Ryan: Graham-Cassidy ‘best, last chance’ to repeal ObamaCare
Speaker Paul Ryan (R-Wis.) said Monday that the Graham-Cassidy legislation is the GOP’s “best, last chance” to repeal and replace ObamaCare, and that he would bring the bill to the House floor without plans for a conference committee.
“We hope the Senate does pass Graham-Cassidy. We’re encouraged by the development of Graham-Cassidy,” Ryan said at a town hall-style event at the Harley-Davidson facility in Menomonee Falls, Wis. “And I am encouraging every senator to vote for Graham-Cassidy, because it is our best, last chance to get repeal and replace done.
“And I do believe it is a far greater improvement over the status quo,” the Speaker continued. “I’ll take [the] federalism of Graham-Cassidy over a collapsing ObamaCare system any day.”
Ryan shepherded an ObamaCare repeal and replace bill through the House chamber earlier in May, but GOP senators saw their own health bill go down in flames this past summer.
With a Sept. 30 budget “reconciliation” deadline fast approaching, GOP senators are rallying behind the new effort.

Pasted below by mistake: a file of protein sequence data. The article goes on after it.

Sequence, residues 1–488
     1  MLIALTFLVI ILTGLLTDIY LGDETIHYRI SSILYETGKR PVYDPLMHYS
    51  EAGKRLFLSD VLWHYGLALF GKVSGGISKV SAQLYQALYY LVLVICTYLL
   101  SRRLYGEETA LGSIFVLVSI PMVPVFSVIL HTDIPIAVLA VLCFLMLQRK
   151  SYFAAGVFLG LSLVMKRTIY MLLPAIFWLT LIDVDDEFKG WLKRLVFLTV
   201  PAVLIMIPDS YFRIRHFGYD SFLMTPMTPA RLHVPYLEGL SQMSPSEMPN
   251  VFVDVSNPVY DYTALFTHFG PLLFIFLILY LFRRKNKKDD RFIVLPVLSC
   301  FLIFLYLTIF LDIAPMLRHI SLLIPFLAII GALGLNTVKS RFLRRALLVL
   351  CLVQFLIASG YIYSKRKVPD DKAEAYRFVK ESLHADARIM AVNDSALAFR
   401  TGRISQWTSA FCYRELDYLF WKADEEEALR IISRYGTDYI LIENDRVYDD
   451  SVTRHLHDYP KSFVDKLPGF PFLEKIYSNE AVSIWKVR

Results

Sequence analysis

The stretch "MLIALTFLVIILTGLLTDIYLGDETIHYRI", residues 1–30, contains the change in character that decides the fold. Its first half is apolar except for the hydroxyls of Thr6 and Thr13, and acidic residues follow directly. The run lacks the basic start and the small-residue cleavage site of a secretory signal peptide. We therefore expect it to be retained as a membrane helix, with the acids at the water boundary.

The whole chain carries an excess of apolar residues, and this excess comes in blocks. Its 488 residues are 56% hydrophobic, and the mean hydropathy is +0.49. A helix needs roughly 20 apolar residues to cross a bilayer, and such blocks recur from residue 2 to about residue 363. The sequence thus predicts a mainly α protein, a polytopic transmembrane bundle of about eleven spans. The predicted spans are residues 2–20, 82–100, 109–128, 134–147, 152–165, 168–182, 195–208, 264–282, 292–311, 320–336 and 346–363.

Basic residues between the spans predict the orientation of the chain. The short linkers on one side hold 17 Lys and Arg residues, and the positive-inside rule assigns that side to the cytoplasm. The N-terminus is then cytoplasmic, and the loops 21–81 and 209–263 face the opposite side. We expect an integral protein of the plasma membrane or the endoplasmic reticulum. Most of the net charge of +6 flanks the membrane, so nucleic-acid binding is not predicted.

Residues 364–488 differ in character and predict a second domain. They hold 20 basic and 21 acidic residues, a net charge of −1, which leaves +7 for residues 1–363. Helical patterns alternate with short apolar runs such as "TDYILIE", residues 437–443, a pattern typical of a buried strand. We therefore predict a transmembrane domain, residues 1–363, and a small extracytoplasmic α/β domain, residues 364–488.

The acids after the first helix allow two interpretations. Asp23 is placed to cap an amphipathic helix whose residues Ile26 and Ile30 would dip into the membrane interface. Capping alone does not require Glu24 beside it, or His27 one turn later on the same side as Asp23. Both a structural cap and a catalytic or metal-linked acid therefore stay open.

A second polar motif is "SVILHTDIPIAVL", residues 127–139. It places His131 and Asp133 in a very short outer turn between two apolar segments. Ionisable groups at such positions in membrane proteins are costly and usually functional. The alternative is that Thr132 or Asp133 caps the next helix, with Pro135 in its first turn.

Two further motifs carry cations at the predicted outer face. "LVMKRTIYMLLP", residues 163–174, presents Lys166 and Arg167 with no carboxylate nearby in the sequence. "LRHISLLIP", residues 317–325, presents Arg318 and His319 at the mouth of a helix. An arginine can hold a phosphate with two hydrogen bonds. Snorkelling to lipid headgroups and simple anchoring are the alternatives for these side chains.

Ryan said it would be his “intention” to bring the new bill, named after GOP Sens. Lindsey Graham (S.C.) and Bill Cassidy (La.) to the House floor if it passes the Senate given the end-of-the-month deadline, after which Republicans will no longer be able to special rules to avoid a Democratic filibuster.
The Senate’s “deadline is approaching, so that means a conference committee is probably not possible,” Ryan said.
The legislation got a boost Monday when Sen. John McCain (R-Ariz.), who helped kill the last repeal bill, said he could possibly support Graham-Cassidy.
But another Republican who voted against the Senate’s previous effort, Sen. Susan Collins (Maine), voiced skepticism, saying it would be “problematic” to vote on the new legislation without a full Congressional Budget Office score.
At the Harley-Davidson event on tax reform, Ryan also told reporters he was very concerned about a new report that credit reporting firm Equifax knew about a major hack of its computer systems months before it disclosed the breach to the public.
The company said the March breach was not related to the hack that exposed personal and financial data of more than 140 million Americans.
“First, I think we have a responsibility to get to the bottom of what happened with Equifax and to see if there are gaps in laws and regulations that need to be filled,” Ryan said, noting that the House Energy and Commerce and Financial Services committees will be holding hearings soon on Equifax.
“In this 21st century, with cyber attacks and technology, we’re clearly going to have privacy issues. We’re clearly going to have cyber issues. And the question is what can we do to always stay ahead of the problem to prevent these things from happening again.”